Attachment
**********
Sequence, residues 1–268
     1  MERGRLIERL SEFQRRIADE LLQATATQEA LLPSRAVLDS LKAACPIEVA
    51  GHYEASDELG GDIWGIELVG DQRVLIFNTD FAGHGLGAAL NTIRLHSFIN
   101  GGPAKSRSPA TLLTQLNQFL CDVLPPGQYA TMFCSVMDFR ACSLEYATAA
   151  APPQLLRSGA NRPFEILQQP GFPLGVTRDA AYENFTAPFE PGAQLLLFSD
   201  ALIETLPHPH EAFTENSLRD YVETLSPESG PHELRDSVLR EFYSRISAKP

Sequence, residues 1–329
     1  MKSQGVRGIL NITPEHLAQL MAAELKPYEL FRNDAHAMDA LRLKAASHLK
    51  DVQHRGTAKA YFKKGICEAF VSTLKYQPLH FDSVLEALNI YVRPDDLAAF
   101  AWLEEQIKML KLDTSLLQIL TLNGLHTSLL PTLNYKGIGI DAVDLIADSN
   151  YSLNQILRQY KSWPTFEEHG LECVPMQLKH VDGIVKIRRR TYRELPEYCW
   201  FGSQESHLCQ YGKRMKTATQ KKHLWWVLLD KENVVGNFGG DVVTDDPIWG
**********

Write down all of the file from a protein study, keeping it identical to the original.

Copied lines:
Sequence, residues 1–268
     1  MERGRLIERL SEFQRRIADE LLQATATQEA LLPSRAVLDS LKAACPIEVA
    51  GHYEASDELG GDIWGIELVG DQRVLIFNTD FAGHGLGAAL NTIRLHSFIN
   101  GGPAKSRSPA TLLTQLNQFL CDVLPPGQYA TMFCSVMDFR ACSLEYATAA
   151  APPQLLRSGA NRPFEILQQP GFPLGVTRDA AYENFTAPFE PGAQLLLFSD
   201  ALIETLPHPH EAFTENSLRD YVETLSPESG PHELRDSVLR EFYSRISAKP

Sequence, residues 1–329
     1  MKSQGVRGIL NITPEHLAQL MAAELKPYEL FRNDAHAMDA LRLKAASHLK
    51  DVQHRGTAKA YFKKGICEAF VSTLKYQPLH FDSVLEALNI YVRPDDLAAF
   101  AWLEEQIKML KLDTSLLQIL TLNGLHTSLL PTLNYKGIGI DAVDLIADSN
   151  YSLNQILRQY KSWPTFEEHG LECVPMQLKH VDGIVKIRRR TYRELPEYCW
   201  FGSQESHLCQ YGKRMKTATQ KKHLWWVLLD KENVVGNFGG DVVTDDPIWG